“A leading Satanist group is trying to distance itself from Sen. Ted Cruz (R-Texas) after the presidential candidate was compared to Lucifer this week.”
This is your lede of the week.
This is also your Republican Party.
It is a straightforward headline: “Politicians Can’t Pass Actual Laws to Stop Gun Violence, So They Tweet Prayerfully”. And HuffPo’s Sam Stein and Arthur Delaney deliver the goods.
All of which reminds the basic point: Prayer is something to do if you cannot or will not do anything more useful.
Bring your own analysis.
Roll Call has been busy trying to make heads and tails of House Republicans:
• John T. Bennett: “Deputy Whip Tom Cole, R-Okla., and House Freedom Caucus founding member Mick Mulvaney, R-S.C., did agree on two things. They both see Majority Leader Kevin McCarthy, R-Calif., as the leading candidate to take over as speaker. And they believe a government shutdown will be averted by a stopgap spending bill passed within the next few days.”
• Emma Dumain: “Sources confirmed to CQ Roll Call Saturday afternoon that in the event Conference Chairwoman Cathy McMorris Rodgers, R-Wash., makes a play for majority leader, Conference Vice Chairwoman Lynn Jenkins, R-Kan., would look to move up one slot.”
• David Eldridge and Matt Fuller” “House Speaker John A. Boehner has a word of warning, straight out of the Bible, for fellow Republicans: ‘Beware false prophets’.”
• David Hawkings: “The trend of past three decades will surely make California’s Kevin McCarthy, or whoever ascends to the presiding officer’s chair, extremely wary about his career’s trajectory over the long term — even after this fall’s latest internal Republican revolution gets put to rest.”
Catching up with some of the details that might have slipped by unnoticed, we can turn to The Hill:
• Jordain Carney: “Sen. Bernie Sanders (I-Vt.) said Friday that Speaker John Boehner (R-Ohio) was ‘unable to control’ his party and that his resignation could leave Republicans increasingly ‘out of touch.'”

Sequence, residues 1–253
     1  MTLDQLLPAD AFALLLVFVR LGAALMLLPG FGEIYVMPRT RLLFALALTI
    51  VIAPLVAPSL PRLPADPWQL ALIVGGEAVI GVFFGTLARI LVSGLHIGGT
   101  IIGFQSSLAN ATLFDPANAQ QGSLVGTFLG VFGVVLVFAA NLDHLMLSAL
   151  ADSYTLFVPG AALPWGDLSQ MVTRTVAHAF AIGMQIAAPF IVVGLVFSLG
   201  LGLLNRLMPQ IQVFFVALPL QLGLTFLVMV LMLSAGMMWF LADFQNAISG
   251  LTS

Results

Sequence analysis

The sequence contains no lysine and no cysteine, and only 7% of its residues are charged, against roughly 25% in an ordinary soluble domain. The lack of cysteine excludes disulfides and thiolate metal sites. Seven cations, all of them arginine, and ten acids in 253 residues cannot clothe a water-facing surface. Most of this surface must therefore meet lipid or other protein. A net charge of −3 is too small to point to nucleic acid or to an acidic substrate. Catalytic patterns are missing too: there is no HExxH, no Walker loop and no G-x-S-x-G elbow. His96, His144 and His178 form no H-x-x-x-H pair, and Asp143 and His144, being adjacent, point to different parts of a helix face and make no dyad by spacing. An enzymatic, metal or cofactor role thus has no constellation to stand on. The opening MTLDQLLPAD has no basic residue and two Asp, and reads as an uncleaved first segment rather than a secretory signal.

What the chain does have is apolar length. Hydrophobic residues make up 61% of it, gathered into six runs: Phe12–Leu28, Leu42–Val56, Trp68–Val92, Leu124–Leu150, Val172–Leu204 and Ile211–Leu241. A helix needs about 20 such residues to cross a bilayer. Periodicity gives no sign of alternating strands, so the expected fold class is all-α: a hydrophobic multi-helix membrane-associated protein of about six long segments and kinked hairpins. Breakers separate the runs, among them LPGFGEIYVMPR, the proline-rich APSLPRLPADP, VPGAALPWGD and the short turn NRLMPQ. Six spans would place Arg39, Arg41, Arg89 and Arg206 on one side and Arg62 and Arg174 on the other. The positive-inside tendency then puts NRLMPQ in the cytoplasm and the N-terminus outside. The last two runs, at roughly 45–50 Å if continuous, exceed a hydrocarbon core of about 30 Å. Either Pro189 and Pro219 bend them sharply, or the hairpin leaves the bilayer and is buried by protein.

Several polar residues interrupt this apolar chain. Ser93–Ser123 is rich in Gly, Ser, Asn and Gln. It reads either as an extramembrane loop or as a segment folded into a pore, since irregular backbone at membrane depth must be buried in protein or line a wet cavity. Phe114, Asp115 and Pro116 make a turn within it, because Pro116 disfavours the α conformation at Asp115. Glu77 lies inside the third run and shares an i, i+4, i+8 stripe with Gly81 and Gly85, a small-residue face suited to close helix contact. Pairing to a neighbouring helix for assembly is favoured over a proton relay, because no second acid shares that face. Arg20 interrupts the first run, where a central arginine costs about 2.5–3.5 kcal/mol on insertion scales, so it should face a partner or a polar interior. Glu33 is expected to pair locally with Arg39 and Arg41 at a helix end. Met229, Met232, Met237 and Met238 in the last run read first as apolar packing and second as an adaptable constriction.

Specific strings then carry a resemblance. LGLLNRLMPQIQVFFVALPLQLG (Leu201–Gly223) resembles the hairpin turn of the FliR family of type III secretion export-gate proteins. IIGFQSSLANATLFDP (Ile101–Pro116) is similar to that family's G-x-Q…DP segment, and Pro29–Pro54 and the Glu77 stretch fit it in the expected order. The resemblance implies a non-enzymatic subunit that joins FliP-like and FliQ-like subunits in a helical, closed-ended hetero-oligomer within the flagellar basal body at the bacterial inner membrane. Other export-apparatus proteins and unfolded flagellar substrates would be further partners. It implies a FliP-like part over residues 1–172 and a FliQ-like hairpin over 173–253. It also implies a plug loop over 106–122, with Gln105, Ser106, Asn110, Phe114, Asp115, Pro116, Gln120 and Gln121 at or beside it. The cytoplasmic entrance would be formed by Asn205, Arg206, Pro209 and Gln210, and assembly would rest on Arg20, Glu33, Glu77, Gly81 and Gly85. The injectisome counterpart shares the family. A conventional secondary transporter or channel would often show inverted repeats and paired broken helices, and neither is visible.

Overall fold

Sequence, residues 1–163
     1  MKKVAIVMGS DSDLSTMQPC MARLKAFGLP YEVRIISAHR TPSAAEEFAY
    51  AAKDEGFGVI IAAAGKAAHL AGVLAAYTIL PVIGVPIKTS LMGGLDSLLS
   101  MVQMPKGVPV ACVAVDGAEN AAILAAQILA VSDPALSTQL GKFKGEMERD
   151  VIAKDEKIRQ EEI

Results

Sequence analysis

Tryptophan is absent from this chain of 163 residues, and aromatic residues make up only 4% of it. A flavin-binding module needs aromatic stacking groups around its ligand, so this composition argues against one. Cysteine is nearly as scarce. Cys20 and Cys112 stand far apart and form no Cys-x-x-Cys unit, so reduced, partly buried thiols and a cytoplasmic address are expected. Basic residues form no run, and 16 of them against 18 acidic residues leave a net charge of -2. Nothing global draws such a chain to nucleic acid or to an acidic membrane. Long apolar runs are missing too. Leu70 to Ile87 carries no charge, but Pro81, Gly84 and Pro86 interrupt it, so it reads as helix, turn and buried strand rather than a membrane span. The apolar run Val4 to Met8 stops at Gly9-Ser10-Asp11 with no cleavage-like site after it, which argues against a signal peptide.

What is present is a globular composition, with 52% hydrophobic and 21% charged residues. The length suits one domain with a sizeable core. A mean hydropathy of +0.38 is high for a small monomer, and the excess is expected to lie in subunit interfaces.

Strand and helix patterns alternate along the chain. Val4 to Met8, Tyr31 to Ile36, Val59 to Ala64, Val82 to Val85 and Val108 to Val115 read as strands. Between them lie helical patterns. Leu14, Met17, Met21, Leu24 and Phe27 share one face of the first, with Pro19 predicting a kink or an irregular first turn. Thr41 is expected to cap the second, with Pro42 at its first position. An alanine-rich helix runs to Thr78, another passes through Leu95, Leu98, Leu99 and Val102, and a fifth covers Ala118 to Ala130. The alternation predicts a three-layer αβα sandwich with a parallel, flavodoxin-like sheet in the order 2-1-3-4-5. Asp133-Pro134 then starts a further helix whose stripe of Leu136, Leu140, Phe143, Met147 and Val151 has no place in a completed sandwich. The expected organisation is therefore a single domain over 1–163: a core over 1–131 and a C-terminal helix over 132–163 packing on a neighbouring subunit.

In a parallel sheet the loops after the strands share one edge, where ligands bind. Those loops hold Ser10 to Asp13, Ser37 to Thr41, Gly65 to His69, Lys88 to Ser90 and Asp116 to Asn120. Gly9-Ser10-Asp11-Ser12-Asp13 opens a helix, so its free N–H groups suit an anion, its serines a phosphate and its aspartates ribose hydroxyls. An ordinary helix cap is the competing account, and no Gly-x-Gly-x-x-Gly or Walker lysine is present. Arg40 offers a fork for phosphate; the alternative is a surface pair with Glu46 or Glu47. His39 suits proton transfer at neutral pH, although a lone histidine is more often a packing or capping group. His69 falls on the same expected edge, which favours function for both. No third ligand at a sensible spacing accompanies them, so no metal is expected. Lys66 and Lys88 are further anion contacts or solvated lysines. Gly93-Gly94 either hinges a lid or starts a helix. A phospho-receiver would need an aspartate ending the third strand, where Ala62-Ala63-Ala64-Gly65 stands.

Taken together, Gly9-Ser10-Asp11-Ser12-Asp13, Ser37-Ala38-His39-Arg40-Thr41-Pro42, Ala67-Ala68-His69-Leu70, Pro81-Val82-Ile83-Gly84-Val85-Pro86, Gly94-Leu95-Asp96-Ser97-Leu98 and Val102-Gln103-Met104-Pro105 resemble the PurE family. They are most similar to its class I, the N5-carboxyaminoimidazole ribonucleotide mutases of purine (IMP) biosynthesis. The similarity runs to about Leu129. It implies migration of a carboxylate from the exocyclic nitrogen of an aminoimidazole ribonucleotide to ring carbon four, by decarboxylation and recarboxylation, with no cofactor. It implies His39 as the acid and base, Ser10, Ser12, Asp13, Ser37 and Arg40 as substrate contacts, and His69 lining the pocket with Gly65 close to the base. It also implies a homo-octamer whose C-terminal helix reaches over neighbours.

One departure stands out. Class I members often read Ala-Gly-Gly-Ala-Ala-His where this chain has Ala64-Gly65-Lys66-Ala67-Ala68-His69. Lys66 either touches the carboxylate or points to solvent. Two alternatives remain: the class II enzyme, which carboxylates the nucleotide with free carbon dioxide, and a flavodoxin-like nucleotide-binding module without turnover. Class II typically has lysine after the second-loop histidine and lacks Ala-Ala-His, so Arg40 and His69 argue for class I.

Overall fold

• Cristina Marcos: “Rep. Dennis Ross (R-Fla.) announced late Friday he will run for House majority whip, just hours after Speaker John Boehner (R-Ohio) announced his resignation.”
• Mark Meckler: “Ding, dong … John Boehner is gone. Long live the tea party movement.”
• Bradford Richardson: “‘Taking care of this leadership issue was a pretty selfless act that Speaker Boehner decided to make a little bit easier for everyone,’ Priebus said told host John Catsimatidis on AM 970 New York on Sunday. ‘I might imagine he would have been able to hang on, but the truth is he’s just not the type of guy to put up with it, so he just said, ‘Forget it, I’ll move on’.'”
And a check of the chatter:
• Zoë Carpenter (The Nation): “ Let’s get one thing clear about John Boehner: His problem was not that his position on abortion was too liberal.”
• Heather Cox Richardson (Salon): “Movement Conservatives just claimed the head of House Speaker John Boehner. His political death was the price of preventing a catastrophic government shutdown after Movement Conservatives in Congress tied the very survival of the United States government to their determination to defund Planned Parenthood. Movement Conservatives are gunning for Senate Majority Leader Mitch McConnell next. We should be very afraid. Boehner and McConnell are not wild-eyed lefties. They are on the very far right of the American political spectrum: fervently pro-business, antiabortion, opposed to social welfare legislation. But they are old-school politicians who still have faith in the idea of American democracy.”
• David Lawder (Reuters): “Thus far, a serious challenger to McCarthy has not emerged, though some Republican aides said that House Financial Services Committee Chairman Jeb Hensarling is weighing a run. A Hensarling spokesman could not be reached for comment.”